The Washington Times
December 3, 2001

Castro calls 'just ideas' best weapons

     SANTIAGO, Cuba (AP) Fidel Castro saluted his troops as MiG fighter jets zoomed overhead, just like in the old days. But Cuba's military celebrated its
anniversary yesterday with a parade that reflected the diminished firepower of a country that was once on the Cold War's front lines.
     Unlike its martial parades of the 1970s and 1980s, when communist Cuba was flush with Soviet weapons it pointedly displayed 90 miles from Florida, the
Revolutionary Armed Forces marched on its 45th anniversary without tanks, anti-aircraft weapons, mortars or other big guns.
     Instead, there were three combat jets and three helicopter gunships that buzzed by as the parade wrapped up with a crescendo from an army brass band. Fewer
than half the 6,040 marchers carried rifles.
     The scaled-down ceremony pointed to the shrunken military mission of a country that once supported rebel movements abroad but has been forced to turn
inward and nurse its own struggling economy though its leader has lost none of his revolutionary rhetoric.
     "There exists no weapon more potent than profound convictions and clear ideas of what should be done," Mr. Castro, the commander in chief, said in a speech in
this southeastern city before the parade.
     "For this type of weapon, you don't need fabulous sums of money, only the capacity to create and transmit just ideas and values," he said. "That will make our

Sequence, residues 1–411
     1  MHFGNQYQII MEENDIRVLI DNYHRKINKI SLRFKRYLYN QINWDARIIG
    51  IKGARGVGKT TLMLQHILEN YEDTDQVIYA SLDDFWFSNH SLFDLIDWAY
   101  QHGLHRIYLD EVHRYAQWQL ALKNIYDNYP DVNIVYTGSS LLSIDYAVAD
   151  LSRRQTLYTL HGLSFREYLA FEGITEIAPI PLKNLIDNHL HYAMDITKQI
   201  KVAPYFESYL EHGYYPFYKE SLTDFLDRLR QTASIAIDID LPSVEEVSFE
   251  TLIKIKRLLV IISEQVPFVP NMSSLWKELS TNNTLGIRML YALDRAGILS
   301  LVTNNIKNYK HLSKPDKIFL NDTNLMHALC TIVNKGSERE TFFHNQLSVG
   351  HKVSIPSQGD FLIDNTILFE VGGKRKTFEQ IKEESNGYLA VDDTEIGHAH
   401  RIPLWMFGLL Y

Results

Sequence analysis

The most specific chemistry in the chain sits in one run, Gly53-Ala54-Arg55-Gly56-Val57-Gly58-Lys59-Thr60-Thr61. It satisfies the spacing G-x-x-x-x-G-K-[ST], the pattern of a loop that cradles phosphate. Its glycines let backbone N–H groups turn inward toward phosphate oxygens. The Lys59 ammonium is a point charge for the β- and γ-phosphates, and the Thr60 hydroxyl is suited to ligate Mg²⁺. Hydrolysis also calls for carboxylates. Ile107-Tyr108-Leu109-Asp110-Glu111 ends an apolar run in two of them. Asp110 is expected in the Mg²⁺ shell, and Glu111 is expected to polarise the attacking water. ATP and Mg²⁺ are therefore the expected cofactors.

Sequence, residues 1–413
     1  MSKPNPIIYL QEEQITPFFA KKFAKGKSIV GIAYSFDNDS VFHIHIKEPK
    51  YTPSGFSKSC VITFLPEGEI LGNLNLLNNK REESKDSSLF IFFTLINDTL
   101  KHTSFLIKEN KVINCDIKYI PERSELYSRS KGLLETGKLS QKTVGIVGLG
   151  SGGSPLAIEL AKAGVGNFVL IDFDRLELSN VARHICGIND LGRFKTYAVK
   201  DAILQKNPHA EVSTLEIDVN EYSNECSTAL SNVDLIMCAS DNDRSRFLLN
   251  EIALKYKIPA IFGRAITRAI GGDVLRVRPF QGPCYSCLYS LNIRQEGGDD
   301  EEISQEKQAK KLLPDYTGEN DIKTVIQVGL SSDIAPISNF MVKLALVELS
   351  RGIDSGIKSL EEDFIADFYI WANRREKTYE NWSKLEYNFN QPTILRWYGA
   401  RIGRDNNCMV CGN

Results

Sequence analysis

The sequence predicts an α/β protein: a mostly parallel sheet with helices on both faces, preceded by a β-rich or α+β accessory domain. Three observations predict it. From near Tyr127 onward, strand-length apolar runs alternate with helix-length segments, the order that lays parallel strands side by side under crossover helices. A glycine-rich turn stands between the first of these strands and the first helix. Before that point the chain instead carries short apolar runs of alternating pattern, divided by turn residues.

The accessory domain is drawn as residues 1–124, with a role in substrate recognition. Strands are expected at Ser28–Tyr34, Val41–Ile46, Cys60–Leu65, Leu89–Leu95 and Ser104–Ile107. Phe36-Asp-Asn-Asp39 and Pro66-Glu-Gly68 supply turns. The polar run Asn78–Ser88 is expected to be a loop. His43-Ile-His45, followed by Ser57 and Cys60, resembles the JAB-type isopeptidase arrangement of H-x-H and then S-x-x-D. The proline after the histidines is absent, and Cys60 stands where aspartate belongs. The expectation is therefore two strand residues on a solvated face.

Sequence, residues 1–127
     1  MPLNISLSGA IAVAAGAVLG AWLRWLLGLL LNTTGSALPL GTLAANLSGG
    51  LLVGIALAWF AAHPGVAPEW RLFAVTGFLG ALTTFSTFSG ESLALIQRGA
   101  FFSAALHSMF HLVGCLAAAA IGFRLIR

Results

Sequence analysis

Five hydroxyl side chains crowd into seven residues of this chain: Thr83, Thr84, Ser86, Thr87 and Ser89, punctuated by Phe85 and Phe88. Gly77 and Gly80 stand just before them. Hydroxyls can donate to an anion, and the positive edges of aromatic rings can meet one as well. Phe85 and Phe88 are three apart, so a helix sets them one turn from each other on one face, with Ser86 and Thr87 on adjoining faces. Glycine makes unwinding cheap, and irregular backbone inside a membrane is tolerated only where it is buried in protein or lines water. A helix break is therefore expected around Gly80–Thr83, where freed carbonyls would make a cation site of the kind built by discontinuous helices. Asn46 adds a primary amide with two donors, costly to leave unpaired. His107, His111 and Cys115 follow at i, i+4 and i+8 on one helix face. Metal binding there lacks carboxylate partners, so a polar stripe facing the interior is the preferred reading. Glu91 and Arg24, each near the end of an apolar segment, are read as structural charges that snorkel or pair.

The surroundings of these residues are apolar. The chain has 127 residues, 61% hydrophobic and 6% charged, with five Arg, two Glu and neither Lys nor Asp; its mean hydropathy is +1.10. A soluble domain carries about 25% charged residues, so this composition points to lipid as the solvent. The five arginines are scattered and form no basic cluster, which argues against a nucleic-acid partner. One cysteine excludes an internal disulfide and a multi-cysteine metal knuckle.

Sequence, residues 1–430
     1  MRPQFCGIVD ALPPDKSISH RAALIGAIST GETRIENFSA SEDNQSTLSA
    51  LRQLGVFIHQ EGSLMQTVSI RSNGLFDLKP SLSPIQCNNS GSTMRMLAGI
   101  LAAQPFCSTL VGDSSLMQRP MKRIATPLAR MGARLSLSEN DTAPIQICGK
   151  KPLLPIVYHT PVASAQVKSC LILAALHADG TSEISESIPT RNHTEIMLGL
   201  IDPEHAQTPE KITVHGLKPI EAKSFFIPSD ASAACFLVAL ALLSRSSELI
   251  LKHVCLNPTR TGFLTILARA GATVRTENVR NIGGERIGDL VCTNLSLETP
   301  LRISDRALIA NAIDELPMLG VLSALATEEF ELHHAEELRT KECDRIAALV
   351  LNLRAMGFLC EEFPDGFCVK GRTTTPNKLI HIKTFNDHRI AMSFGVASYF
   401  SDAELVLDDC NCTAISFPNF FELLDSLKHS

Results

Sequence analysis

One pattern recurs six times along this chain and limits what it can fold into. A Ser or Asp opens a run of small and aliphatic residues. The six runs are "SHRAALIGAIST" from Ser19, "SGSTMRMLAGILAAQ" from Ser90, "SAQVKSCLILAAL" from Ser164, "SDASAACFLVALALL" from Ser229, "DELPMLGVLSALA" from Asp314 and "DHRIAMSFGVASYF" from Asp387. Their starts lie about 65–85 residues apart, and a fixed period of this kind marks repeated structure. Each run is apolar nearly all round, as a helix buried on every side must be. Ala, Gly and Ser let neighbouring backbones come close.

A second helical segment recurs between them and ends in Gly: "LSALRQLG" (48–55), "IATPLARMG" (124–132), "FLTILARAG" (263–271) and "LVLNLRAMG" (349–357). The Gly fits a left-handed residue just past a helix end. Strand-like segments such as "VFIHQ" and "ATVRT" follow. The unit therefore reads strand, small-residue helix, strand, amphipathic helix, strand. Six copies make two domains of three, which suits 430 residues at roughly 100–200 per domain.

people more armed than ever."
     Sitting next to the 75-year-old leader was his brother, Gen. Raul Castro, 70, Cuba's defense minister and the president's chosen successor. The brothers rarely
appear together.
     Raul Castro did not speak, but the Communist Party daily, Granma, quoted him Saturday as saying Cuba is a "peaceful nation" that does not need offensive
     For that matter, he said it has acquired no new ones in recent years and has cut troop strength by tens of thousands. The defense budget has nearly halved since
the mid-1980s, he said.
     He said Cuba's leadership concluded that masses of heavy weapons "wouldn't do much in the case of an armed attack," and both Castro brothers emphasized the
importance of civilians in the island's defense.

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